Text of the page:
Monday 26 June 2017

Review: Summer: An Anthology for the Changing Seasons

Summer: An Anthology for the Changing Seasons Summer: An Anthology for the Changing Seasons by Melissa Harrison
My rating: 4 of 5 stars

My memories of summer are of long hot days spent on the beach with frequent dips into the sparkling sea to cool off, lying reading on the grass warmed by the sun and swatting wasps away from picnics. This is the UK though, and sometimes it rains… Summer is the time of intensity, the acid green freshness of spring fades as the long warm days bring the flowers and insects out in the race to reproduce. As the season pivots on the solstice, the days begin to shorten even though the sun is still building in intensity for some of the hottest days in the year.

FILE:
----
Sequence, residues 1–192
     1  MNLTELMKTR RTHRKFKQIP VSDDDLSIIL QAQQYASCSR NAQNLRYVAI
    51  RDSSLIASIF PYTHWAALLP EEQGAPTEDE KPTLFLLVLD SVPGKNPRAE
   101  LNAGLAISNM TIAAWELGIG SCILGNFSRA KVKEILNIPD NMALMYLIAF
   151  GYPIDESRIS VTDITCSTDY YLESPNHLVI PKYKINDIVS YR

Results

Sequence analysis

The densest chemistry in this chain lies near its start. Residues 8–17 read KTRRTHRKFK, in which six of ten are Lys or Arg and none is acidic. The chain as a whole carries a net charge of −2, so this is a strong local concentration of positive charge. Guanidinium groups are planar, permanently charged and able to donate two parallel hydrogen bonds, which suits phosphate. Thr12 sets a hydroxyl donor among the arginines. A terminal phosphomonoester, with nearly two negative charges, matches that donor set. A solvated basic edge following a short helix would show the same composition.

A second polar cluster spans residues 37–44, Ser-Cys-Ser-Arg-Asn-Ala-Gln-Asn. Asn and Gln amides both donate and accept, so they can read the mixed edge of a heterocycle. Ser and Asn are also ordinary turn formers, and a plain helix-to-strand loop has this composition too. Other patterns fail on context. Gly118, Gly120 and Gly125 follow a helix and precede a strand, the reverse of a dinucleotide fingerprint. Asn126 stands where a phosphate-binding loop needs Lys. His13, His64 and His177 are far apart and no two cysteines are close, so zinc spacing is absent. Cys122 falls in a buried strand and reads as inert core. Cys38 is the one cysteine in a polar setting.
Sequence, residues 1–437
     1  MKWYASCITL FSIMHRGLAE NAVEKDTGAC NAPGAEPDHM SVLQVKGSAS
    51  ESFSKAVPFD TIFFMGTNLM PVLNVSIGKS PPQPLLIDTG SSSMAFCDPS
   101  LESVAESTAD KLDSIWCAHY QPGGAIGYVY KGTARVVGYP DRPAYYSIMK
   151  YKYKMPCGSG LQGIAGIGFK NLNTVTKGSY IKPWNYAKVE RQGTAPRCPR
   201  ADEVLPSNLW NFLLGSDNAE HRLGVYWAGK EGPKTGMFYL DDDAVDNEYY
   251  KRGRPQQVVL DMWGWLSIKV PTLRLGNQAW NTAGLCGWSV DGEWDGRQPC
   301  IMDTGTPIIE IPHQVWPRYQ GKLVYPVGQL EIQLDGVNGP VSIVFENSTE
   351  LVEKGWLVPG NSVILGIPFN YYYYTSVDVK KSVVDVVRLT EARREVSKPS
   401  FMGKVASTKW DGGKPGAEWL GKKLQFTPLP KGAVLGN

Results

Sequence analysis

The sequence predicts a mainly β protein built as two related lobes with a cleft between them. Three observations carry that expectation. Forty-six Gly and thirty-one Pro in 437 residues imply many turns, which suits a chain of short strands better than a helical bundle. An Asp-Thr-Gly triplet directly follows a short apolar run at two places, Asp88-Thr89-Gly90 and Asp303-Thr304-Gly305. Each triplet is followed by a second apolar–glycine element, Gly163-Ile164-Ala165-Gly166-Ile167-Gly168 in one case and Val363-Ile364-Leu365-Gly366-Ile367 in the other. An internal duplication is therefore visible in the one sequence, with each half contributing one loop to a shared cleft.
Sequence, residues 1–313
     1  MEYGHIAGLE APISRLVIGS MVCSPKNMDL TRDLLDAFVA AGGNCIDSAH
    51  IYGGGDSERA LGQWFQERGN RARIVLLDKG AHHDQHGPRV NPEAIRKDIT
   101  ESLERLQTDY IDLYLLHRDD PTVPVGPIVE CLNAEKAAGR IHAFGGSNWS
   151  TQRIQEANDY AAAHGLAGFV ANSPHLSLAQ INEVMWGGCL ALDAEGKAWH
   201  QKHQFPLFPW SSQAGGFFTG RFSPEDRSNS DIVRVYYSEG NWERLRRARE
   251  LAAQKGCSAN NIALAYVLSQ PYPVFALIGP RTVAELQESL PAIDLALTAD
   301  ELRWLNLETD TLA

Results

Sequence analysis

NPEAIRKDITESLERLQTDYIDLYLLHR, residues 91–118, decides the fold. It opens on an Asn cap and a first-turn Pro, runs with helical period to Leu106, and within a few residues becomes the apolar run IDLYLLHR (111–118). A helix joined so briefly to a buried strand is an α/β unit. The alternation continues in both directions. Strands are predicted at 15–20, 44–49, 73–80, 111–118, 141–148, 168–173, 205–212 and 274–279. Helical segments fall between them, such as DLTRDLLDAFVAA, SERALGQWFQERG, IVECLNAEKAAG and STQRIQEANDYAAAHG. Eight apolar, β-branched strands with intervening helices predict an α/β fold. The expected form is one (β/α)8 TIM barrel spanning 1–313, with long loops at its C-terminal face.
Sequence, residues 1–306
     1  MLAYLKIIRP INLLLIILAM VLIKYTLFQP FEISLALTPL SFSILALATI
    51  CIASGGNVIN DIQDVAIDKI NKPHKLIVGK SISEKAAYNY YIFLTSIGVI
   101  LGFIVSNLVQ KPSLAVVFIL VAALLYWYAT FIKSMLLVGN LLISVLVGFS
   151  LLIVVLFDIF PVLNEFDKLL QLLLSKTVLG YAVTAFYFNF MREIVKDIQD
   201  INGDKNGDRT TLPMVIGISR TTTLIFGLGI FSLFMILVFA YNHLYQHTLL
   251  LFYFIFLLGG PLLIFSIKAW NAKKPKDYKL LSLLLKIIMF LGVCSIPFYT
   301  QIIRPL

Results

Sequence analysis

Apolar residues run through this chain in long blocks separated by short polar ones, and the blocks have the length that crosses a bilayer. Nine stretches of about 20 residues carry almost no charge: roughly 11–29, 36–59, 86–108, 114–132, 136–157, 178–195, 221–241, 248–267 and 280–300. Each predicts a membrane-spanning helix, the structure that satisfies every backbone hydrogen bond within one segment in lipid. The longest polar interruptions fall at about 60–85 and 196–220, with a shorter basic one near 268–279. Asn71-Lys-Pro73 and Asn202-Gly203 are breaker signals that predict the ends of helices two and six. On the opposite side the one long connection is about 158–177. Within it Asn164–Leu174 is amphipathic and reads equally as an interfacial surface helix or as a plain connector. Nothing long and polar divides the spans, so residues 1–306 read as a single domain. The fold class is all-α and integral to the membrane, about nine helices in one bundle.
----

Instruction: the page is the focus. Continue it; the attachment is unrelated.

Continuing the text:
Harrison has once again brought together a varied collection of essays, poetry and articles about summer. She has drawn from a number of classic texts of literature like Cider with Rosie and The Natural History of Selbourne by Gilbert White and Hardy that manage to evoke a summer of a past age. On top of these classic authors there are a number of essays from well-known writers such as Paul Evans and Mark Cocker, but where Harrison excels is finding exciting new writers, like Jo Cartmell and Emma Oldham, who are adding greatly to the breadth of nature writing that we now have in this country. As with all Elliot and Thompson books, the cover is stunning and it has delightful little sketches scattered throughout the book. Essential reading for any nature lover and a book to be dipped into each time summer rolls around again.

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